North Oxford, Massachusetts
December 25, 1821– April 12, 1912
Born to abolitionist parents, Clarissa Harlowe Barton was the youngest of five and grew up with a thirst for knowledge. When she was eleven she nursed her brother back to health over two years after he fell from the top of their barn. By the age of seventeen she was a teacher, even founding her own school.
When the Civil War broke out she felt compelled to help injured soldiers. Women had not been allowed on the front before so Barton faced some opposition, but she was soon known and the “Angel of the Battlefield” as her efforts made her famous. President Lincoln encouraged her interest in reuniting lost soldiers with their families after the war. She made 30,000 connections for families.
After the war she traveled to Europe where she encountered the International Committee of the Red Cross who were a neutral organization caring for victims of war. She carried the idea back to America with her and formed the American Red Cross, becoming its president. She expanded the mission of the organization to include those suffering from anything, helping people in floods, famines, disease, and earthquake. Her leadership quickly gave the American Red Cross the recognition it needed to truly help.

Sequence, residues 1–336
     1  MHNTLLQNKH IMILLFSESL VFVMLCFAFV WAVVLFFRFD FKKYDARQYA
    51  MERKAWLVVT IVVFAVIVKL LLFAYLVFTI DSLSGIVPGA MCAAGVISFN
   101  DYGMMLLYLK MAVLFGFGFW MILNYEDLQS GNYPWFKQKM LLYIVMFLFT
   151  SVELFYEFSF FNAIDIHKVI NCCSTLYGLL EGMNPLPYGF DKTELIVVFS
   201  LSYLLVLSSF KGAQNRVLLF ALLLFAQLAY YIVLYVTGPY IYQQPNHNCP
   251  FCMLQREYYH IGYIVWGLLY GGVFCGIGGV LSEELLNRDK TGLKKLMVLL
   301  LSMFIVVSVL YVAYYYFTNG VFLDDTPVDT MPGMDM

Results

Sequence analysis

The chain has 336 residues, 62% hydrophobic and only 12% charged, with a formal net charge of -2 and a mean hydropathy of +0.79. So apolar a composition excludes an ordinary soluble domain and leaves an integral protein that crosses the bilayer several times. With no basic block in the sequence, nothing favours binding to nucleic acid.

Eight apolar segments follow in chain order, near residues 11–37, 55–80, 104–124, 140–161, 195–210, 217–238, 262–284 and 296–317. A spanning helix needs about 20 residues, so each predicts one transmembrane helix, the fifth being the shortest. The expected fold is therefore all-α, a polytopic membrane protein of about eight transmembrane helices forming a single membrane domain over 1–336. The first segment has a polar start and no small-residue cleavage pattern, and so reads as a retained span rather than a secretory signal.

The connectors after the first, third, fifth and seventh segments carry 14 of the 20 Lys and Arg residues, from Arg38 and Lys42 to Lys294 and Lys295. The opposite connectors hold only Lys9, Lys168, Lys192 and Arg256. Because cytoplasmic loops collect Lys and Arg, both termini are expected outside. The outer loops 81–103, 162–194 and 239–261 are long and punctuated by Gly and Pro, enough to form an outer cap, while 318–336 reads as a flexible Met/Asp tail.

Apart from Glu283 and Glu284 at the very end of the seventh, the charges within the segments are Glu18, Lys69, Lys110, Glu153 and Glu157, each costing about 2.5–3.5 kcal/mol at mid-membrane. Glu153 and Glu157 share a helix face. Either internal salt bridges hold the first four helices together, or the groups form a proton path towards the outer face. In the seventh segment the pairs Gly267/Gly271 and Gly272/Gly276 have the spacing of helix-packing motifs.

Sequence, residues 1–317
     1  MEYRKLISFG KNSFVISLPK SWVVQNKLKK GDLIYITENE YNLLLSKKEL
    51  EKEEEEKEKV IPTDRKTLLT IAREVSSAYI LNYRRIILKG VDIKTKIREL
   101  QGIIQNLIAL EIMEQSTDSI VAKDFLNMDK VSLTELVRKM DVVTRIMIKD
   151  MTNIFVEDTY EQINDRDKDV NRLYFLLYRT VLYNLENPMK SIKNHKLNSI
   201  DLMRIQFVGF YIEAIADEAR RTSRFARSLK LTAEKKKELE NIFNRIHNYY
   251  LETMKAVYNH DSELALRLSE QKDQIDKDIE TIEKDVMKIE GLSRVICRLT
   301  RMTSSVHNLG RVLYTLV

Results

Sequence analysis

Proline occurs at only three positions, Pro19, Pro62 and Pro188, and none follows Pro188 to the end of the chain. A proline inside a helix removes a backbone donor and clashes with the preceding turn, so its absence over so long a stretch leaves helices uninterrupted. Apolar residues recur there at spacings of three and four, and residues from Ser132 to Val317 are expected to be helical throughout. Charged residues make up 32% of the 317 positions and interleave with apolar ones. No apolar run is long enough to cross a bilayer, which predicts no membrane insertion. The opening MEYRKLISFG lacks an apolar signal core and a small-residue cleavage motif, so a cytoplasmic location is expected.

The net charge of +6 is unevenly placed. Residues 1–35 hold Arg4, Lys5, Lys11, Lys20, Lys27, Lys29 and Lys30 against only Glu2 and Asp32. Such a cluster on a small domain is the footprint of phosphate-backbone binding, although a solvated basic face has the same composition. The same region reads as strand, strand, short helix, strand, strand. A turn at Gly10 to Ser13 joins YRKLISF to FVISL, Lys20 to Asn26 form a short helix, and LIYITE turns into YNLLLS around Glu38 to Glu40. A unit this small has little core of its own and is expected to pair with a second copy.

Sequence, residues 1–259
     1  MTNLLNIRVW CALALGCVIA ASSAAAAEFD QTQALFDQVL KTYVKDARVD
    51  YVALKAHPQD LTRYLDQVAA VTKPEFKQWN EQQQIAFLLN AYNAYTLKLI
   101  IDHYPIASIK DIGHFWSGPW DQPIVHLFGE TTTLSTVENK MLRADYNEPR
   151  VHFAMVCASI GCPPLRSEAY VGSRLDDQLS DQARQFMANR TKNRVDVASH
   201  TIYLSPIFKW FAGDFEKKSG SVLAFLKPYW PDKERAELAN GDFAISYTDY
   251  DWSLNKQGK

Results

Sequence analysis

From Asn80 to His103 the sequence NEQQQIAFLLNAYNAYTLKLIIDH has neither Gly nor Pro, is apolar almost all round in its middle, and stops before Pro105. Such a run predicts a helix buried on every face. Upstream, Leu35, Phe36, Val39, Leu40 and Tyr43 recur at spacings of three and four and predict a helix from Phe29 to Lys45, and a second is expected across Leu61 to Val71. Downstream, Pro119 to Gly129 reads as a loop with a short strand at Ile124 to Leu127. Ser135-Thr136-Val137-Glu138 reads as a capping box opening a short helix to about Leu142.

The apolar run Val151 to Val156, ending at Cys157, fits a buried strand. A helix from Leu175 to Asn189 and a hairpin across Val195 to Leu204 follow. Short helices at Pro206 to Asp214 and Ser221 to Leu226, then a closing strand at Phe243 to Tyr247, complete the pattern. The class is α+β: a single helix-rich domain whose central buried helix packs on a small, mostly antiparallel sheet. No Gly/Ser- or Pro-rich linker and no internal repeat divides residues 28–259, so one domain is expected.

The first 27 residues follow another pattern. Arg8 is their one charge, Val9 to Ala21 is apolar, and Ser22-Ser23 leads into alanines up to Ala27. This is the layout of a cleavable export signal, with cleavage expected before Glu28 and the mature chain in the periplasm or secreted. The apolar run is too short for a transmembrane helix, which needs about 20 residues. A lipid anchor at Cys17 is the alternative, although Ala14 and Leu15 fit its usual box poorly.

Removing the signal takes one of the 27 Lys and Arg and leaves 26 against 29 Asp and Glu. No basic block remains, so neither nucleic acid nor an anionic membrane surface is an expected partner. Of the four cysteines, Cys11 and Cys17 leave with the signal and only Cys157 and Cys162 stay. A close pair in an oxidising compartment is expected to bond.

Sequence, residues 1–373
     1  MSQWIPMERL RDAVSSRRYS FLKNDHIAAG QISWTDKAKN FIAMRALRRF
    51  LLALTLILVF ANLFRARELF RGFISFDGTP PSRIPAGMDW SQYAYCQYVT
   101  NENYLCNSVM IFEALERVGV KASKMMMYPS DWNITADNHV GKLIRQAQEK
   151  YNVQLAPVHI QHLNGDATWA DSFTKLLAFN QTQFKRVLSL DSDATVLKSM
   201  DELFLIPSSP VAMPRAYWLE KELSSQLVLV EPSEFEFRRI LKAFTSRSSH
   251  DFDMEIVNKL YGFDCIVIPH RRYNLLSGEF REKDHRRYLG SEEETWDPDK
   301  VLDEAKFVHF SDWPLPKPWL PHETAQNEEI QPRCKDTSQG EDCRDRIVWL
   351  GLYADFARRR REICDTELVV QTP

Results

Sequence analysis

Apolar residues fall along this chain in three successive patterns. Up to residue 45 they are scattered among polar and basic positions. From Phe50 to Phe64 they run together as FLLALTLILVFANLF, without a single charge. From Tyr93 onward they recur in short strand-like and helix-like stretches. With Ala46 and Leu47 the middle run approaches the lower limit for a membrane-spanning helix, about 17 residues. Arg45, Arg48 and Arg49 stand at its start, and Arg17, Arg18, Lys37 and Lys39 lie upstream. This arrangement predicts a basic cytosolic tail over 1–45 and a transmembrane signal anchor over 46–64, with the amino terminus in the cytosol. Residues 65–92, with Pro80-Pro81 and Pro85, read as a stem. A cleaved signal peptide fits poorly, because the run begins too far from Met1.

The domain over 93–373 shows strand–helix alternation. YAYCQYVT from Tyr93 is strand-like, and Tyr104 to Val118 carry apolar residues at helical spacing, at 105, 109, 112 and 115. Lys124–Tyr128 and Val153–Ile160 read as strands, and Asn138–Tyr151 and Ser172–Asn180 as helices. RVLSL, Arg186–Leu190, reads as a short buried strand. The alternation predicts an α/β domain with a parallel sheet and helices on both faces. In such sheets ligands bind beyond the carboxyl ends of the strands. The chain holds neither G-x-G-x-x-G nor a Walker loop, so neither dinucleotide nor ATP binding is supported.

During her life, Barton also promoted civil rights and women’s suffrage. She spoke on the importance of education and prison conditions. The last years of her life saw her found the National First Aid Association that encouraged first aid training for everyone. It was later absorbed by the Red Cross.